Malawi-born and English-educated Isabel Phiri, whose Calvinist theology ranks among the most sober in Protestantism, warned this northern European not to make light of the ever-present African reality of what Jenkins called spiritual warfare. "Witchcraft is so strong that when my husband and I built our house we have had to have prayers at every stage of construction to neutralize its demonic impact," she said. "European missionaries used to say there is no witchcraft. But our experience tells us that it is very present. That's why so many of us Christians belong to two denominations -- a mainline church and a Pentecostal fellowship. I have resolved this problem by joining a charismatic fellowship. Charismatic practice is by no means limited to the ever-growing, ever-multiplying, freewheeling Pentecostal groups in sub-Saharan Africa that has by now become a Protestant-dominated part of the world, according to Terence
O. Ranger, an Oxford University professor emeritus on race relations.
Charismatic worship has long penetrated the mainline denominations and the Roman Catholic Church, all players in what Ranger termed the "third democratic revolution" that is being attempted at the beginning of the 21st century. This revolution is "a struggle to develop not only electoral institutions but also to achieve a democratic culture and practice," he made clear. It fights for incorrupt "transparency," and an "ism" peculiar to that part the world It is called "third termism," and has occurred, ironically, in Zambia, the one country that has enshrined its Christian character in its constitution. Zambia, investigated by Isabel Phiri for the Pew-sponsored research project, will be the topic of a future installment in this series. It was in Zambia, where the president who had inserted Christianity into the constitution was prevented from running for a third term. Thus Zambia succeeded in overcoming this "ism," as it has emerged from the previous two "democratic revolutions." The first among these was the anti-colonial struggle, which brought independence. "It is clear that this revolution was democratic in intention. It is equally clear that it was not democratic in result," wrote Ranger in his introduction to the findings of the researchers assigned to Africa. Thus followed a "second democratic revolution" in the late 1980s. "In very many countries this challenged led to the collapse of one-party systems and the introduction of a competitive electoral system," Ranger related. But "movements originally committed to pluralism themselves became in effect one-party regimes; democratically elected presidents (and their clients) had too much to lose from yielding power." The churches have played a different role in each of the three stages. However, in the current revolution, faith groups appear to have the strongest influence ever, the research shows.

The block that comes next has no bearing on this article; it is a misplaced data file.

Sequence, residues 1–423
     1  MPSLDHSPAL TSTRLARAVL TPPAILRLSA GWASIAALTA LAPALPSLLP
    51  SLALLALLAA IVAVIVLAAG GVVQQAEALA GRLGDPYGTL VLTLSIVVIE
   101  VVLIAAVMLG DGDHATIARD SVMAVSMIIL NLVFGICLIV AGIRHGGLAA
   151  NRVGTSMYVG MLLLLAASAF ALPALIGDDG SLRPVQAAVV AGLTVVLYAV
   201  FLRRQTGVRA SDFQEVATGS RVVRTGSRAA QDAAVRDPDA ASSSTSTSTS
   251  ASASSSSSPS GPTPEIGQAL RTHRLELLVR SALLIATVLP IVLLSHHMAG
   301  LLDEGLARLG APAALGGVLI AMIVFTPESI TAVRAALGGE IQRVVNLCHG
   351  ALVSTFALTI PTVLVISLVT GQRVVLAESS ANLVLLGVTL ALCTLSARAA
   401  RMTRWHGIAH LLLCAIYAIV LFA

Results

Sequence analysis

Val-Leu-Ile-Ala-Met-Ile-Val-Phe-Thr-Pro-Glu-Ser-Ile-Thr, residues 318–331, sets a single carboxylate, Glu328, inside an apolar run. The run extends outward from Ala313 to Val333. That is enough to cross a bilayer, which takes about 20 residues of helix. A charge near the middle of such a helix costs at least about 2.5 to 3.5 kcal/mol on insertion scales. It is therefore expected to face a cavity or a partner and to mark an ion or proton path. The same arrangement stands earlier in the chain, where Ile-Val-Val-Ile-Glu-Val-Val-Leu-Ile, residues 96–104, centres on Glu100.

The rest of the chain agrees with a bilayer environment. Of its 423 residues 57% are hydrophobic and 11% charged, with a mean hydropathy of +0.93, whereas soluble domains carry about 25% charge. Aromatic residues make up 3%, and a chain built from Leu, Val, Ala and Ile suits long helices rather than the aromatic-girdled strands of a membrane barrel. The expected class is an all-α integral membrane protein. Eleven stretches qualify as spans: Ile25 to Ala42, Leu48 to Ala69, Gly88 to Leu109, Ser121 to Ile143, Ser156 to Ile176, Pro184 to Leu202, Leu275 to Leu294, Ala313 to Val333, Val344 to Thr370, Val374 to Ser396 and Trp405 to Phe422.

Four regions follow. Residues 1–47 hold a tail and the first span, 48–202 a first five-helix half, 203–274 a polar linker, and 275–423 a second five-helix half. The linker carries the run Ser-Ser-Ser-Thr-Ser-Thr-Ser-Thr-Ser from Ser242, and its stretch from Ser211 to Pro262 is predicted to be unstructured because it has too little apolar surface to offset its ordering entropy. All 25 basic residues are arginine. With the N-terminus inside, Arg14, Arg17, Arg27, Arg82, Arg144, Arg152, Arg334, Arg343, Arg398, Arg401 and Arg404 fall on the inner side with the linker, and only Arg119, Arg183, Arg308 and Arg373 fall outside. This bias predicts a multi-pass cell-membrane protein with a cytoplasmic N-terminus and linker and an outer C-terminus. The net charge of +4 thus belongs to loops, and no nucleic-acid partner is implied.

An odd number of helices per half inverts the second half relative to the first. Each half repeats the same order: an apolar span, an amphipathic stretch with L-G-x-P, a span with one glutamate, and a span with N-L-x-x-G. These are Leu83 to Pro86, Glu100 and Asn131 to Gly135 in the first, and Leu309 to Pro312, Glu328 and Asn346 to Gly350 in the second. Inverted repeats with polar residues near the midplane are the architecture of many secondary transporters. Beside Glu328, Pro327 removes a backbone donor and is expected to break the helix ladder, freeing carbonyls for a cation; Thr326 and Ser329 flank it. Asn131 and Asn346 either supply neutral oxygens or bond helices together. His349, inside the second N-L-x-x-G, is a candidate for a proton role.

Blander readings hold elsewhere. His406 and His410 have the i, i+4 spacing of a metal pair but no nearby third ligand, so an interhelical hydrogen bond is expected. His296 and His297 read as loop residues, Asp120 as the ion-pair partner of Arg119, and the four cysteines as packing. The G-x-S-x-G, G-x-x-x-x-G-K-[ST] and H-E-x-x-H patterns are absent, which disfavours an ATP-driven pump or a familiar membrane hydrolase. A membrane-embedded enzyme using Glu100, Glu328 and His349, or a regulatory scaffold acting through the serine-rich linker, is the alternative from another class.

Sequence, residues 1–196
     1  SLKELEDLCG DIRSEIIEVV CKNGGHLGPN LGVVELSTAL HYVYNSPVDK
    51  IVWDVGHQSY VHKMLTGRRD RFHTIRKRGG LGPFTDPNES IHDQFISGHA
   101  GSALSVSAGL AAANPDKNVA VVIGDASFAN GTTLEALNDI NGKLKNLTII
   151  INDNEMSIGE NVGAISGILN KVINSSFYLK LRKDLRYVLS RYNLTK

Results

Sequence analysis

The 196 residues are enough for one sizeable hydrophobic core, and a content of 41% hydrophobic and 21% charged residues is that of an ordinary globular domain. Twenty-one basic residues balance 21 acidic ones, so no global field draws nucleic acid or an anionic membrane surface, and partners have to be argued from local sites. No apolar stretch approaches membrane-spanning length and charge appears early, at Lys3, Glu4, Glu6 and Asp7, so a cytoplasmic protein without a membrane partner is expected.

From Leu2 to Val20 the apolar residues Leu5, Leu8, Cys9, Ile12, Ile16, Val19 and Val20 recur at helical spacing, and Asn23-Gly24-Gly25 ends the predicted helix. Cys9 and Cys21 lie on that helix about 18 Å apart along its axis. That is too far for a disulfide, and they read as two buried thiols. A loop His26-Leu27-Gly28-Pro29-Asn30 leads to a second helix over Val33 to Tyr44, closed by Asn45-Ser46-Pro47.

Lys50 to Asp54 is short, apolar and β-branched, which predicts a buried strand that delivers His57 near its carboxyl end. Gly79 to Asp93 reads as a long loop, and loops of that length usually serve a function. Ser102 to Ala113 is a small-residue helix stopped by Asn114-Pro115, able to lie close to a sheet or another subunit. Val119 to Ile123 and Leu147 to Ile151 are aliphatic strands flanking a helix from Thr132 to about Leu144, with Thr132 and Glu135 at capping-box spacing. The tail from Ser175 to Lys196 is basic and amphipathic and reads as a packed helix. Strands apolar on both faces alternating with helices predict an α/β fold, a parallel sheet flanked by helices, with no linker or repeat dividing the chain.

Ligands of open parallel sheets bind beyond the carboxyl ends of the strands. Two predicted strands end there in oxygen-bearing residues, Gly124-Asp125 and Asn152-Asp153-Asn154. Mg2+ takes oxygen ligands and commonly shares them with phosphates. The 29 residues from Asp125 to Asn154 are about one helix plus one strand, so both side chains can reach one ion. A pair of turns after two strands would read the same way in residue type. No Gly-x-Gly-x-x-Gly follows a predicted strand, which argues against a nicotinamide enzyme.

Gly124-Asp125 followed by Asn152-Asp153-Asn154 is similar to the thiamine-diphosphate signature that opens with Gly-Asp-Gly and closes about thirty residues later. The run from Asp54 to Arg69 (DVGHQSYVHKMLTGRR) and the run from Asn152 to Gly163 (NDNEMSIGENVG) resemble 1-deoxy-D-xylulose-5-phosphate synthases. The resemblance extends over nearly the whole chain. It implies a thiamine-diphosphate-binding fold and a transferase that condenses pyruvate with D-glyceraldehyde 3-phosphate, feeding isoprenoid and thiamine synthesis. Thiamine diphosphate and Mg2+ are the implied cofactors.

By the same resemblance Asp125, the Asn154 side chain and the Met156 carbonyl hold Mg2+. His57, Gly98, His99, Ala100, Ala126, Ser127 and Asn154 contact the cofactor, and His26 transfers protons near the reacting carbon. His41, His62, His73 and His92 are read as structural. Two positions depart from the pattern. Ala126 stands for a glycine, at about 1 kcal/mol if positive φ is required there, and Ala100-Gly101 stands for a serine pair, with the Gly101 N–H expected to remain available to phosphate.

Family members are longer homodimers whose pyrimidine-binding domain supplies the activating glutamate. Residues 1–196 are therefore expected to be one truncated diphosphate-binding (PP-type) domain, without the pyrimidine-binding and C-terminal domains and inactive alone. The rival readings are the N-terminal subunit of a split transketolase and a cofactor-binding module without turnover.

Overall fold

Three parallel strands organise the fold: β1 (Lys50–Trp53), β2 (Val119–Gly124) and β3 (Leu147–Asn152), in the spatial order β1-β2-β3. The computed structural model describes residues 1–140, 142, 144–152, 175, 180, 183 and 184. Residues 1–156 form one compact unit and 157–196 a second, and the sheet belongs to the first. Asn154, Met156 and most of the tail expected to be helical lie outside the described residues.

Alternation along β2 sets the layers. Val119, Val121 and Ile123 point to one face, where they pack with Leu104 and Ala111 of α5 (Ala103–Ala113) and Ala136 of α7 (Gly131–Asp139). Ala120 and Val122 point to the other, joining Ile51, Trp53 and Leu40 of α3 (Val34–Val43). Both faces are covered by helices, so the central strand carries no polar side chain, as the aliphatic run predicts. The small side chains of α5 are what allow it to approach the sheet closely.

This seems to be in part due to the phenomenon that the driving force are not the "Armani Apostles with Rolex watches conducting prayer breakfasts in international hotels," to quote David Maxwell. Rather, they are hands-on African Christians prompting what Maxwell termed a "cultural reformation" and a struggle for social reproduction. While this Christian-driven revolution is still unfolding, researchers such as Jenkins noted a reverse evangelization. Africans, once introduced to Christianity by Europeans, are now busy reminding the descendants of their former colonial masters of their ancestors' faith.
Already half of all Sunday worshipers in London are black. In the theologically wayward mainline denominations African and Asian prelates urge doctrinal purity. As one presenter at the Potomac conference remarked, "The empire is striking back."